Mean Streak

by Neil Smith

For pro sports teams, losing streaks often follow winning streaks, just as they do for the economy. What it’ll take to turn things around.
It may be surprising, but in the N.H.L., a long winning streak is often followed by a long losing streak. Take, for example, the 2008 Stanley Cup Champion Detroit Red Wings. In late January, the Wings went on a tear, rolling over their opponents with eight consecutive wins. But the Red Wings followed that winning streak with 10 losses in their next 11 games.

When we think about the slump that our country is currently experiencing we have to remember what a roll we were on not so long ago. Confidence was high, and people were taking risks, sometimes foolishly. And this is the main point here, which is that when things are going good in life, you think it’s never going to end. You might start to take your eye off the ball, or the puck, as it were.

This is especially true in team sports where teammates together start to let up on some of the basics that got them all those wins in the first place. They might start to develop bad habits or poor work habits near the end of their winning streak. Sometimes they keep right on winning for a few more games, depending on the strength of their opponents.

But sooner or later, it hits—they lose for the first time in a long time. The players don’t understand how they could lose when everything was going so good. In any case, they shake it off as only being one game. The coaches know they’re going to have to analyze what went wrong by breaking down the game. Eventually they’re going to have to get the players to go back to the basics and pay more attention to the details. (Roger Neilson was a legendary coach that I worked with from 1989 to 1993 who would say he could feel a slump coming by his sense of the team getting sloppy.)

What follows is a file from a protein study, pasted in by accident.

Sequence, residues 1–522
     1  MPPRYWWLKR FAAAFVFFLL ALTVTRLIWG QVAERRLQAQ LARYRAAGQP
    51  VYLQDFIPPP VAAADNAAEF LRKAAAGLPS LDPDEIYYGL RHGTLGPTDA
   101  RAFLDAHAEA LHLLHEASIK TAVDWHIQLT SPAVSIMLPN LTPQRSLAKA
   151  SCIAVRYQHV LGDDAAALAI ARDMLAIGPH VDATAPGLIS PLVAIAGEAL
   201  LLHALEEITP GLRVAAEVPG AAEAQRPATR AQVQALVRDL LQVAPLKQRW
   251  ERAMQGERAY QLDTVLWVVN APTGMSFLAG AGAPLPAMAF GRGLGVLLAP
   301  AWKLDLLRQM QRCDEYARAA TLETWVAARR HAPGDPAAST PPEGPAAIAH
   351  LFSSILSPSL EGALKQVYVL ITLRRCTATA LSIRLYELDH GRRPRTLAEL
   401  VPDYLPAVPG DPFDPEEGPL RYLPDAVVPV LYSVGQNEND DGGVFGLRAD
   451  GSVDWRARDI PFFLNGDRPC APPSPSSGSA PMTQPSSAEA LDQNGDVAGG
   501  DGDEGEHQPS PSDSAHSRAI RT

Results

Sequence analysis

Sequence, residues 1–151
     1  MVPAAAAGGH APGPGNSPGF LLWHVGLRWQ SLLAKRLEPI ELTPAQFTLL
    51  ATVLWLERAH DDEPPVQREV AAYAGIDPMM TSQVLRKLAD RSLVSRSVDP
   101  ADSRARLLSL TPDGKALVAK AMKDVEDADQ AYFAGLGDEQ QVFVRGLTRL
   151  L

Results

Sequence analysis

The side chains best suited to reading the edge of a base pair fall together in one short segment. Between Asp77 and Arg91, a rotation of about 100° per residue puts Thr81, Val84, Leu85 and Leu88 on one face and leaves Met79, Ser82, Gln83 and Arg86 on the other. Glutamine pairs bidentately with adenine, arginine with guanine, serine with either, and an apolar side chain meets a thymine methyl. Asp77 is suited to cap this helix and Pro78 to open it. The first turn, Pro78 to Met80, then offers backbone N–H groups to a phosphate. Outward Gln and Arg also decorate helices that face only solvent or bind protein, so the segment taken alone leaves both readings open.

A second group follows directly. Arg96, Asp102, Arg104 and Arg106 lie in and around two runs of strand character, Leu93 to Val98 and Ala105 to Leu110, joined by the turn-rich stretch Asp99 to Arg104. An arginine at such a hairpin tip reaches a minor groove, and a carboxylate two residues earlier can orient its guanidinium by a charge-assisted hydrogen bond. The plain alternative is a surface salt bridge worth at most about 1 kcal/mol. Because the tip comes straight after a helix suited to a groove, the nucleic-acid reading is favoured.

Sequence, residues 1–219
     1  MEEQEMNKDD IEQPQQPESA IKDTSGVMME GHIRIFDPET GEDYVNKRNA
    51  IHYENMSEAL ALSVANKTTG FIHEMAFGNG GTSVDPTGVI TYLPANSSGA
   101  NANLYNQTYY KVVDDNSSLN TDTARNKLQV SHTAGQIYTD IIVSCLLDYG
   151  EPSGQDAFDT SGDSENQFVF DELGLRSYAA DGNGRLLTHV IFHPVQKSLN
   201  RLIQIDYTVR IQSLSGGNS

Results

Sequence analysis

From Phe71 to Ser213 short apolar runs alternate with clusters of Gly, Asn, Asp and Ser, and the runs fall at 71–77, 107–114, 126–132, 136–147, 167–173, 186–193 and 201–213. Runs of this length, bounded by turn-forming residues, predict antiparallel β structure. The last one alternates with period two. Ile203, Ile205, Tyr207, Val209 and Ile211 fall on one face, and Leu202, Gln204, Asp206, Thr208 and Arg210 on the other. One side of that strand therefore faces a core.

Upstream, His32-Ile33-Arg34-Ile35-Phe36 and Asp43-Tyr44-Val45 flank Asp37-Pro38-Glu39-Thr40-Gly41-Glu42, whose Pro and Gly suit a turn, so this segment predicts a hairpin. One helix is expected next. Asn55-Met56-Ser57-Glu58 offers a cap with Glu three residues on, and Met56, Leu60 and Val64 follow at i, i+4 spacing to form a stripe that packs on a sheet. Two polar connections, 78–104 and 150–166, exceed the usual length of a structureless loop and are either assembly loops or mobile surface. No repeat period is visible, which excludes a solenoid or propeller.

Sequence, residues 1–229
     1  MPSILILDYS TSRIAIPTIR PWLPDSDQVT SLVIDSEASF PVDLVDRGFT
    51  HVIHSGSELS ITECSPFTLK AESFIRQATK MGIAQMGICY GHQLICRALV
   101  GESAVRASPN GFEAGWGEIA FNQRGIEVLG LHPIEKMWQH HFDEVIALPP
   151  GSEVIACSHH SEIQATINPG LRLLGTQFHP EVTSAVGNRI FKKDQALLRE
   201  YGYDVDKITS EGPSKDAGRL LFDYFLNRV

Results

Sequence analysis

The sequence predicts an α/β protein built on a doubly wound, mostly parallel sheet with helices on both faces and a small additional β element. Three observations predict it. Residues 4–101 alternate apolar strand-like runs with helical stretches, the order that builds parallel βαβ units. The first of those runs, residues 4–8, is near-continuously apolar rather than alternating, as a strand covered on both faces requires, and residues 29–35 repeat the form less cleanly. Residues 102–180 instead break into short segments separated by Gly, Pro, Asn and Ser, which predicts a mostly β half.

Our economy’s current losing streak began in the last few years, when consumers went on a borrowing binge and got away from good habits of spending within their means. Ratings agencies such as S&P and Moody’s and financial institutions threw prudent risk management out the window in pursuit of huge returns. But everyone was making money and probably thought the good times would never end. Then when real estate investments started to sour and securities began tanking, no one could believe it. People thought it might just be one limited situation or one bank with problems, and now we of course know that was not the case—the economy as a whole was shaken to its foundation.

In the N.H.L., the sooner a coach can get his team to refocus and pay attention to the details of the game plan that got them on the winning streak, the sooner the slump will end. But it usually takes a while, since the bad habits that developed during their winning streak often aren’t easily diagnosed and broken.

When our economy comes out of its slump, it will be because business and government leaders got back to basics and identified and addressed the bad habits and weak vision that got us here in the first place. Only then will we as a nation start winning again. It won’t happen overnight, but it will probably put us back on another long winning streak. After all, last year’s Red Wings wound up following their losing streak in February by winning nine of their next 11 games en route to eventually scoring the Stanley Cup.

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